By Nat Hab Adventure Specialist Joey Sudmeier.

As we navigate through a since-COVID-world these days, I’m constantly reminded of the merits and necessity of travel. Sure, there are those highlight moments such as the first time you see the Eiffel Tower, or the first time you see a lion in the wild, or when you first set your eyes on Machu Picchu, but oftentimes it’s those “small moments” surrounding the “big moments” that make travel so inspirational and intoxicating.

The first time I saw the Eiffel Tower, for instance, I ended up playing bocce ball with local Parisians while we drank wine out of paper cups underneath the iconic structure. Or the first time I saw a lion in the wild was in the Serengeti, when a lioness approached our vehicle and I swear she looked straight into my eyes, time stopped for a few skipped heartbeats. And when I saw Machu Picchu, as breathtaking as it was, I felt compelled to lay down, which quickly resulted in a nap only to be awoken by an alpaca standing above me.

We often travel with a goal in mind, such as seeing a world wonder, but it’s the adjacent experiences that change us for the better, and keep us coming back.

During the COVID-19 pandemic, like many of you, I have been stuck indoors, periodically escaping to take in fresh air but prevented from leaving the country. For those of us who adore travel, this year has been a challenge against our passion. My escape through it all has been in my travel memories, the most recent of which is an unforgettable Kingdom of the Monarchs adventure in February 2020, just before the pandemic really spread.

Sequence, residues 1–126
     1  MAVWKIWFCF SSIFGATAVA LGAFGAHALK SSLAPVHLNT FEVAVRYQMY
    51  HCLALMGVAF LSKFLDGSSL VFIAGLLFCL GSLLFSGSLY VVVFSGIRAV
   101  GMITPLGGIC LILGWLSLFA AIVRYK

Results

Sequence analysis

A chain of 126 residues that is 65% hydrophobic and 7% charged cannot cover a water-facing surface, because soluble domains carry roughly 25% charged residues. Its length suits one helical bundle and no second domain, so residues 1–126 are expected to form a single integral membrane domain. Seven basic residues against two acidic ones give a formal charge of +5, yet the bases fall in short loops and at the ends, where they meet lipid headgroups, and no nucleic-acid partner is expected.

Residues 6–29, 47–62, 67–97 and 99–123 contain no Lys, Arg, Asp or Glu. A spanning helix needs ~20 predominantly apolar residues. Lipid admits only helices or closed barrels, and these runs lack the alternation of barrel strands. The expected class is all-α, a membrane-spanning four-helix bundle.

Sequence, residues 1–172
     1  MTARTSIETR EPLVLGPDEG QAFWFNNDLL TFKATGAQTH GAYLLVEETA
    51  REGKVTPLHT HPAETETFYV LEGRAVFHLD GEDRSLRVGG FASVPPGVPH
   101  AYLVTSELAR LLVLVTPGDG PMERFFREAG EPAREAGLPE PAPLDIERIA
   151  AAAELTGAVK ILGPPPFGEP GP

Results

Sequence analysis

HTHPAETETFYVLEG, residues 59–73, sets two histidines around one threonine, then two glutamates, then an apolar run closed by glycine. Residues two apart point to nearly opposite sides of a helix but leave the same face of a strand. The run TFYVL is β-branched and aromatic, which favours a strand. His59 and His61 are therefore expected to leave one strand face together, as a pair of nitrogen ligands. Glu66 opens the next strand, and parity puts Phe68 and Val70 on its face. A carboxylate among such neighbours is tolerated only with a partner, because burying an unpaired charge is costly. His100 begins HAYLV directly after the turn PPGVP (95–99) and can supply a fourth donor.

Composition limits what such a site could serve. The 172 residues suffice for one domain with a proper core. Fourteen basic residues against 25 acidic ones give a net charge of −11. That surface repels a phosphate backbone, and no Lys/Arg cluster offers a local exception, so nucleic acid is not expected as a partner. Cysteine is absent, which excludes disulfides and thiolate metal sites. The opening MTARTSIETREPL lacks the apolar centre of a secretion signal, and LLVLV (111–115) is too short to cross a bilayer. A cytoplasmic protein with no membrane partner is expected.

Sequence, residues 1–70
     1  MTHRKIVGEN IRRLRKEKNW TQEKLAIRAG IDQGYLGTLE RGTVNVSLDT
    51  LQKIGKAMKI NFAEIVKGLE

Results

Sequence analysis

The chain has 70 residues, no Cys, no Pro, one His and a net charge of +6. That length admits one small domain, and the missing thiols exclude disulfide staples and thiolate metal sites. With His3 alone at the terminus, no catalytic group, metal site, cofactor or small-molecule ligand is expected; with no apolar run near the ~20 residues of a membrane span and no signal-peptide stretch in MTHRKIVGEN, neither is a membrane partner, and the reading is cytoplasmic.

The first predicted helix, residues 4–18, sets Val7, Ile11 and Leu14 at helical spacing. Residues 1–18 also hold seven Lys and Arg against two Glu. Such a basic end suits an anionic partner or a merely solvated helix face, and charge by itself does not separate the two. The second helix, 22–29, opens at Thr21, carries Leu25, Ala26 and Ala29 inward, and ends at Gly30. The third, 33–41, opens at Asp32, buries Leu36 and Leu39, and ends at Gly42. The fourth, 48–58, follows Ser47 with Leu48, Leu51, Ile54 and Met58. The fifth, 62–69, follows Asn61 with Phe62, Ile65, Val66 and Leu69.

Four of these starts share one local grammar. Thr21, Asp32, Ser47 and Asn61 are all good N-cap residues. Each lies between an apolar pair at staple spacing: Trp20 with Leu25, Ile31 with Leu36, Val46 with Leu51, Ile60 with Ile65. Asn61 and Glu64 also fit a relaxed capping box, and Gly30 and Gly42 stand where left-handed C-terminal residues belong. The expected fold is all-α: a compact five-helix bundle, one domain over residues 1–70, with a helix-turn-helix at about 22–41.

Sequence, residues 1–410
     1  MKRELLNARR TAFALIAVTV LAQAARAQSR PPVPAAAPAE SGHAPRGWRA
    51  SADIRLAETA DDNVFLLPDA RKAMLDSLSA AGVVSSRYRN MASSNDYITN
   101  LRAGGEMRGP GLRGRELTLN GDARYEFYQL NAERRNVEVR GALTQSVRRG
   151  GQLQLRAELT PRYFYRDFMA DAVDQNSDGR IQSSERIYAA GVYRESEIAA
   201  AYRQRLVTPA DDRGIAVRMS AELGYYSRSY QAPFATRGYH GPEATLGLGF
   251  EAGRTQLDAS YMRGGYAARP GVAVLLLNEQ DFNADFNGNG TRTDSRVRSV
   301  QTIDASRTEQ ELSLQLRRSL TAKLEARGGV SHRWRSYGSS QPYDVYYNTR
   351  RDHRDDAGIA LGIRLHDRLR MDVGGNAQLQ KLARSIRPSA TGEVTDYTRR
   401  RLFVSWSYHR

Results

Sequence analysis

Monarch butterfly cluster

Having been to Mexico a dozen or so times in my life, I hadn’t put too high of a priority on joining this adventure. Admittedly, I wasn’t entirely keen on seeing slews of monarch butterflies either; it just had never been a top interest of mine. Those are exactly the reasons why I elected to take this trip in 2020: I wanted to better understand the draw of this unique itinerary.

Allow me to share the unforgettable, permeating half-day that’s replayed in my mind throughout 2020, narrowly maintaining my sanity as we all face a variety of lockdown measures.

On day two of this journey we disembark from Mexico City, a sprawling metropolis most Americans never consider visiting, but one that is well worth the trip. We take a large coach bus, with social distancing before it was a widely known concept. The highway climbs through the Mexican Rockies, awarding us with gorgeous scenery and crisp mountain air that brings goosebumps to my arms with every remembered inhalation.

Mexican guide

After a few hours we reach the small mountain village of Angangueo, a mining town situated in the shadows of surrounding peaks. The town embraces the monarch migration phenomenon with street signs featuring the insects, murals painted near the town square, and sculptures commemorating the butterflies. Upon arrival, we had a delicious and authentic Mexican lunch, washed down with Mexican beer or real-sugar Coke served by some of the most gracious people I’ve had the pleasure of meeting.

Following the delectable meal, we climb into the back of covered pickup trucks because the forthcoming road is too treacherous for larger vehicles, much less a full-sized coach. This winding road escorts us another thousand or so vertical feet by local communities which rely on farming and are centered around the most notable, and perhaps only permanent, structure in their village: a rustic cathedral. The locals wear smiles on their faces as they see us in our unique vehicle climbing higher into mountains and seeing those smiles is rivaled only by the sweeping panoramic views of the landscape.

We arrive at El Rosario Butterfly Sanctuary, and after exchanging a few more smiles and waves with the locals nearby, we quickly hop on horseback to climb ever farther into the mountains.

Horseback riding in Mexico